Carleton biofiltration project with Humber College receives NSERC funding
May 8, 2017 By Ground Water Canada
Ottawa – Carleton University’s Onita Basu has received more than $95,000 over two years through the NSERC College and Community Innovation Program to investigate procedures involved in processing drinking water using biofiltration.
Basu, a professor in the department of civil and environmental engineering, will work in partnership with Humber College on the project.
Biological filtration (BF) is one of few methods of drinking water treatment that can reduce the chemical requirements and energy needs of drinking water facilities. Identification, validation, improved monitoring and control tools are necessary to establish BF as a predictable process that can be controlled, the university said in a news release, noting it is challenging to determine how to effectively run biofilter without having tools to better monitor performance.
The research will assess analytical methods to contribute to the overall knowledge base of biofiltration performance. Basu, who will be working with Shawn Cleary at Humber College and the Drinking Water Services Group at the City of Ottawa, will lead this project. The project will provide a scientific and technical advance for the water industry in operating biofilters. From a social and environmental perspective, biofiltration can reduce the usage of chemicals in drinking water treatment making it a green, sustainable engineering technology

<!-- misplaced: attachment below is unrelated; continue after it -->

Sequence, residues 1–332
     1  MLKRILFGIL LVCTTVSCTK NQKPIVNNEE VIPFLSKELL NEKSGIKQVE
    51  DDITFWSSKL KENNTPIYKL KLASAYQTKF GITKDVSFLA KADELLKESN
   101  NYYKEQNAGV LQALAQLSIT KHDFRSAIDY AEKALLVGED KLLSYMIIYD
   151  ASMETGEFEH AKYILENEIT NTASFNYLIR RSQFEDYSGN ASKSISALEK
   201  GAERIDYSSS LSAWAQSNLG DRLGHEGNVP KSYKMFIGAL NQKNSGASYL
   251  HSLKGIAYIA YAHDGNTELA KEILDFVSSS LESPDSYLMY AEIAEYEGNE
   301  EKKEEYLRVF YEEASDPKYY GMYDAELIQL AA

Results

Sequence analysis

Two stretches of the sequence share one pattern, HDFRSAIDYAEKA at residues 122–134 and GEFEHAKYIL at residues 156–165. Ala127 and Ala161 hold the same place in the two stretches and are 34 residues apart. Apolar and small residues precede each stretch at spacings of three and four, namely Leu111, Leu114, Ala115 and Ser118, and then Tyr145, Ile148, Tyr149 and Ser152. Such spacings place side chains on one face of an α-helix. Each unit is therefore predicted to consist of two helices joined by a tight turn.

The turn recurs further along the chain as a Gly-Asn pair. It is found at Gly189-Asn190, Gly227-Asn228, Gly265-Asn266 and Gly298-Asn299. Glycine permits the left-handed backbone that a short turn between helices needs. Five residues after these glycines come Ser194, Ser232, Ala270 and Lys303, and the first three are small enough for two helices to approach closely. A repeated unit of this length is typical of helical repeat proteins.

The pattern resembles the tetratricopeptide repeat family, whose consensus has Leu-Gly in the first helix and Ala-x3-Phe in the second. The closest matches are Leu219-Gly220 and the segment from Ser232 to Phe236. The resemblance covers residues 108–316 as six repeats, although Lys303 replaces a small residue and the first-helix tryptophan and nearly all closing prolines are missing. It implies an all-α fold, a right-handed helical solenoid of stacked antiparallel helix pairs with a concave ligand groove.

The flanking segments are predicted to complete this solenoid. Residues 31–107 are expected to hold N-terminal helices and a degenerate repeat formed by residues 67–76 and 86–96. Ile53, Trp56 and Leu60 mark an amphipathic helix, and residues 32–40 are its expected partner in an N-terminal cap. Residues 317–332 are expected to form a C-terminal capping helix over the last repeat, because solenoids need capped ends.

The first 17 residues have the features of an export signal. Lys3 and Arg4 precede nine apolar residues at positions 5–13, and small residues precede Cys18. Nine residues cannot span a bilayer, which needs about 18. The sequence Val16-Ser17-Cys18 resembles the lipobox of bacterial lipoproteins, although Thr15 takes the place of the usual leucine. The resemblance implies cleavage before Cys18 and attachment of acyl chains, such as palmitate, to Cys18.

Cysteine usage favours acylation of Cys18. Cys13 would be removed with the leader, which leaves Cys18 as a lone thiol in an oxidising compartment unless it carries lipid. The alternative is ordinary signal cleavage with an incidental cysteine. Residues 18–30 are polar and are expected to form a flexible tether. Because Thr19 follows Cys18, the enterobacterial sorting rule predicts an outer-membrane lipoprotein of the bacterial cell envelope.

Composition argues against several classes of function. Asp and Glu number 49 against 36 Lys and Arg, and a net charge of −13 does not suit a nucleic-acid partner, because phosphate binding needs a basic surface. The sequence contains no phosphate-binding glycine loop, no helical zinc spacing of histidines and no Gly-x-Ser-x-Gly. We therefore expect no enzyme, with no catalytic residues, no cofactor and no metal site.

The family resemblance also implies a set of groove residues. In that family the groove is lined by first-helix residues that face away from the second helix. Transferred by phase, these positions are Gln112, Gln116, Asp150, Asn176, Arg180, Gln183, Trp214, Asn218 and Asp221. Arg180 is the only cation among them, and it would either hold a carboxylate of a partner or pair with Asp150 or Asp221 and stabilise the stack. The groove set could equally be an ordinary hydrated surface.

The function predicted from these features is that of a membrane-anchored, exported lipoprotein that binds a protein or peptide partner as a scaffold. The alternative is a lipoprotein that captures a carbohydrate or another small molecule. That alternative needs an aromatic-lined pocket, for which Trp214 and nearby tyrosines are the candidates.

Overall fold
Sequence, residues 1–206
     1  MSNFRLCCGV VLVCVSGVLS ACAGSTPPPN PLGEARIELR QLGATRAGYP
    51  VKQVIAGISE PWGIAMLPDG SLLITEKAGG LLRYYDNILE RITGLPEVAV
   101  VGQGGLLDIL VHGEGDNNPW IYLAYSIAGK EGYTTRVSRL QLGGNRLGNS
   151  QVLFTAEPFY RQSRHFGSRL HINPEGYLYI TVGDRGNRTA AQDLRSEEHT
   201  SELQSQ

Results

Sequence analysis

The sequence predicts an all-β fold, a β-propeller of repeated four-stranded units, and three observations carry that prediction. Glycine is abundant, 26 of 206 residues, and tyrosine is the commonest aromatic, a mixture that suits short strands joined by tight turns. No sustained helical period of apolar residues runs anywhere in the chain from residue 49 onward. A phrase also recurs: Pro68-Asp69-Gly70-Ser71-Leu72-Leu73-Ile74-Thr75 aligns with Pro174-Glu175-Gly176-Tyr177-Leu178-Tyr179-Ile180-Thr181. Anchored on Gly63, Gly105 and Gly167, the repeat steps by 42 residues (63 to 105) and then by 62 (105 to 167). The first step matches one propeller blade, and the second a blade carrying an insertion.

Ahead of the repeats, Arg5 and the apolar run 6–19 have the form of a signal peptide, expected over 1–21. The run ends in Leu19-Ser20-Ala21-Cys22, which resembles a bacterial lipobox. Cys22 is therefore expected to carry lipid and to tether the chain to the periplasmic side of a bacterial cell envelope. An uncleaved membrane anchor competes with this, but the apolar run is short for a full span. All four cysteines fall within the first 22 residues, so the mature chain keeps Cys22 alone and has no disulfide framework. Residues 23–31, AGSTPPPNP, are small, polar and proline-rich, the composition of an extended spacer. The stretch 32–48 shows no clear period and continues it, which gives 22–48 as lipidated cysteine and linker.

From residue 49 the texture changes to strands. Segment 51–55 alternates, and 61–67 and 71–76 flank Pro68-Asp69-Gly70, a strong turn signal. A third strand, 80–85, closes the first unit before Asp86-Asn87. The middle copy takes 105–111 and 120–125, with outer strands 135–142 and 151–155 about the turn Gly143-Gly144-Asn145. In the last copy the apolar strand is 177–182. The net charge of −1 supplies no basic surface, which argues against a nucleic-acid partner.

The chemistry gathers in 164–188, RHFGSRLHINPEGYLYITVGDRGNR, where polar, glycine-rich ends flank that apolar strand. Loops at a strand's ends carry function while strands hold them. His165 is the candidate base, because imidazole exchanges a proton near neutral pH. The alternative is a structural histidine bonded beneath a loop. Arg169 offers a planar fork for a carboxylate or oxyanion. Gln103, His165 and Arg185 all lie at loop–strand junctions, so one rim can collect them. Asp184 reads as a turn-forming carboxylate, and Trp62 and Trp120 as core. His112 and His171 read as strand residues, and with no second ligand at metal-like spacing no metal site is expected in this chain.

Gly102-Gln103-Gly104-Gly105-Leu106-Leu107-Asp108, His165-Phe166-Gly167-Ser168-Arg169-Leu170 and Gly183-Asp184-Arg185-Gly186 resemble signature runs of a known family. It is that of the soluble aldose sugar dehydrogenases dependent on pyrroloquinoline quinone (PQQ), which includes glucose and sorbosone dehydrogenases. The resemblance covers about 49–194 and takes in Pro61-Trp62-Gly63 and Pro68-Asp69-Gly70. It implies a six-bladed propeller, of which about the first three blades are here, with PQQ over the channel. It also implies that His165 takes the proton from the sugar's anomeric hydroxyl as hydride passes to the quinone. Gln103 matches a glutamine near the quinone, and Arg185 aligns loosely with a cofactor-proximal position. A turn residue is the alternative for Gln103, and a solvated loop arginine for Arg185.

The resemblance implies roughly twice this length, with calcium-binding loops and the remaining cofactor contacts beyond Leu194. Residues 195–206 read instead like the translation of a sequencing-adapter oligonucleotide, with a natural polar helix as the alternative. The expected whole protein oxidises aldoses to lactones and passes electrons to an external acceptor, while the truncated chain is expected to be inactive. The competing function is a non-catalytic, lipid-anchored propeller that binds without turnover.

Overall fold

“Biofiltration is a process used in drinking water treatment that is designed to remove fine solids and also dissolved organic compounds through microbial degradation,” Basu said in the release. “Biofiltration can reduce the usage of chemicals in drinking water treatment, making it a green engineering technology. We will examine the monitoring tools for biofiltration in order to better predict, control and improve the performance of these types of systems.”
“Our government supports investments that are helping to build an innovative economy and create quality jobs to support a vibrant middle class,” science minister Kirsty Duncan said. “Fostering strong partnerships between Canada’s colleges and industry partners leads to new, innovative ideas and transforms the results of R&D into new products that will benefit all Canadians.”
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